J Korean Med Assoc.  2006 Jun;49(6):502-506. 10.5124/jkma.2006.49.6.502.

Organ Donor Management

  • 1Department of Surgery, Sungkyunkwan University School of Medicine, Samsung Medical Center, Korea. kmhyj@smc.samsung.co.kr


With the advances in surgical techniques and the emergence of potent immunosuppressive drugs, transplantation has been performed more commonly as the treatment modality for the patients with end-stage diseases of most major organs. And, because of donor organ restriction, the proper management of brain-dead donors in intensive care unit (ICU) has been recognized as a critical determinant for a successful transplantation of the harvested organ. Moreover, the favorable clinical outcomes of the recipients are directly associated with the well-preserved organ function of the brain-dead donor, which can be accomplished by the maintenance of optimal perfusion. However, brain-death causes various and profound physiologic changes such as cardiovascular, pulmonary, endocrine, or coagulation derangements. Therefore, for the maintenance of the organ from a brain-dead donor in a transplantable condition, invasive monitoring for hemodynamic stability, adequate ventilation support, and aggressive pharmacologic support including hormonal resuscitation to treat diabetes insipidus and to correct hormonal dysregulation are needed. This article reviews the pathophysiologic changes caused by brain death and the adequate management to preserve donor organs.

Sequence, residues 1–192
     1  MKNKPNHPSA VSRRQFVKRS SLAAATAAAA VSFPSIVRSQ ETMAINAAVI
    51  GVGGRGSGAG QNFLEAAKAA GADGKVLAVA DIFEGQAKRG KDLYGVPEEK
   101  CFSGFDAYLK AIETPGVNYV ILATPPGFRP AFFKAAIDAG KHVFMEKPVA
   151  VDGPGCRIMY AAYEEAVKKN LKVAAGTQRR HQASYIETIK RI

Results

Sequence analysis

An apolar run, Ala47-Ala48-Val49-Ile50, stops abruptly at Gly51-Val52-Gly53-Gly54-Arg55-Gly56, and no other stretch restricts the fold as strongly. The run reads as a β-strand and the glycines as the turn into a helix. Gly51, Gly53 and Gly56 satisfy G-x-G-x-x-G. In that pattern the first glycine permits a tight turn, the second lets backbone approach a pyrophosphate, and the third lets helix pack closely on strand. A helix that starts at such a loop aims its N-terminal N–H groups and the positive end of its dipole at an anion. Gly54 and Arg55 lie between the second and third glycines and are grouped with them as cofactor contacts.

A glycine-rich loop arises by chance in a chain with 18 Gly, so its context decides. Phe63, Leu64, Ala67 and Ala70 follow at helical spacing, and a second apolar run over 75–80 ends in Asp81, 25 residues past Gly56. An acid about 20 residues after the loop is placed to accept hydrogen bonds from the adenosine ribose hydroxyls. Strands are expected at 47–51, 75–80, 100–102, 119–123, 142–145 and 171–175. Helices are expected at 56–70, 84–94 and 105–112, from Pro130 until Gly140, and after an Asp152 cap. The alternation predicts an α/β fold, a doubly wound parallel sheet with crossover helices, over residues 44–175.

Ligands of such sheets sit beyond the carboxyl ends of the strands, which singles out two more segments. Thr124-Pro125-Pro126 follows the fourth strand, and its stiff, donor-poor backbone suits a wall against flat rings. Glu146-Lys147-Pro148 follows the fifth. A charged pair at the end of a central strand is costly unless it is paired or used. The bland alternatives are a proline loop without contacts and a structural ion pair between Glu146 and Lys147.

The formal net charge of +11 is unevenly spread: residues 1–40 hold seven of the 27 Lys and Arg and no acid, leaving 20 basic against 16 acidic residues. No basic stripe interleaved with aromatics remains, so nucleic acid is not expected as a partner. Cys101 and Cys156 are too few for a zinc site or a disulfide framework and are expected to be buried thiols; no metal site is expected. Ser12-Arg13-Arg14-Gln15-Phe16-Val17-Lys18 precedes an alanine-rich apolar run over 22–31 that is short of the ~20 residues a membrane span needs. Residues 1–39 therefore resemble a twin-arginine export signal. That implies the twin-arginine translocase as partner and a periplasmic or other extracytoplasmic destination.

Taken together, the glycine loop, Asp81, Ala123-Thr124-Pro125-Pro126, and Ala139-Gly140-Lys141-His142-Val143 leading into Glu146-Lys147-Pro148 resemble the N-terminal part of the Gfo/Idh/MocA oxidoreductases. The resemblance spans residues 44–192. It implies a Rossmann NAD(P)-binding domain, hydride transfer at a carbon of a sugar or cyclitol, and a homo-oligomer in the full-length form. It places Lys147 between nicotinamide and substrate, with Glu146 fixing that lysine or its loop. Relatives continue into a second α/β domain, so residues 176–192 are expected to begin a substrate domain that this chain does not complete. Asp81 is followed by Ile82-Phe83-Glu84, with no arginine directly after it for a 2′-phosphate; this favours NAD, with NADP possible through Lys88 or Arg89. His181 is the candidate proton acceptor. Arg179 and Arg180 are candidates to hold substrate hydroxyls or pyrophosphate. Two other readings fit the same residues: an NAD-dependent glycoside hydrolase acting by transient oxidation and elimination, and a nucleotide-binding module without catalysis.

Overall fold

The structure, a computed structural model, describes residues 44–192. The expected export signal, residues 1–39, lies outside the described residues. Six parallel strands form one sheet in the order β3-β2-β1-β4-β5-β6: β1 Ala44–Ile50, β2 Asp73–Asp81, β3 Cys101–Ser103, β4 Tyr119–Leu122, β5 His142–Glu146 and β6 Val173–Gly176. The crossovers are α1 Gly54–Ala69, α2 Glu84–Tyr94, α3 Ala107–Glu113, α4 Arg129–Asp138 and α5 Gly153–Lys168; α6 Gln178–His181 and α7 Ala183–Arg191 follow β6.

Brain death; Organ preservation; Transplantation

MeSH Terms

Brain Death
Diabetes Insipidus
Intensive Care Units
Organ Preservation
Tissue Donors*

Cited by  1 articles

Management and Evaluation Prior to Transplantation of Deceased Donor
Jong Hwan Jung, Sung Kwang Park, Sik Lee
J Korean Soc Transplant. 2014;28(2):51-58.    doi: 10.4285/jkstn.2014.28.2.51.


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2. Rosendale JD, Kauffman HM, McBride MA, Chobalewski FL, Zaroff JG, Rosengard BM, et al. Hormonal resuscitation yields more transplanted hearts, with improved early function. Transplantation. 2003. 75:1336.
3. Zaroff JG, Rosengard BR, Armstrong WF, Babcock WD, DAlessandro A, Young JB, et al. Consensus conference report: maximizing use of organs recovered from the cadaver donor: cardiac recommendations, March 28-29, 2001, Crystal City, Va. Circulation. 2002. 106:836–841.
4. Pennefather SH, Bullock RE, Mantle D, Dark JH. Use of low dose arginine vasopressin to support brain-dead organ donors. Transplantation. 1995. 59:58.
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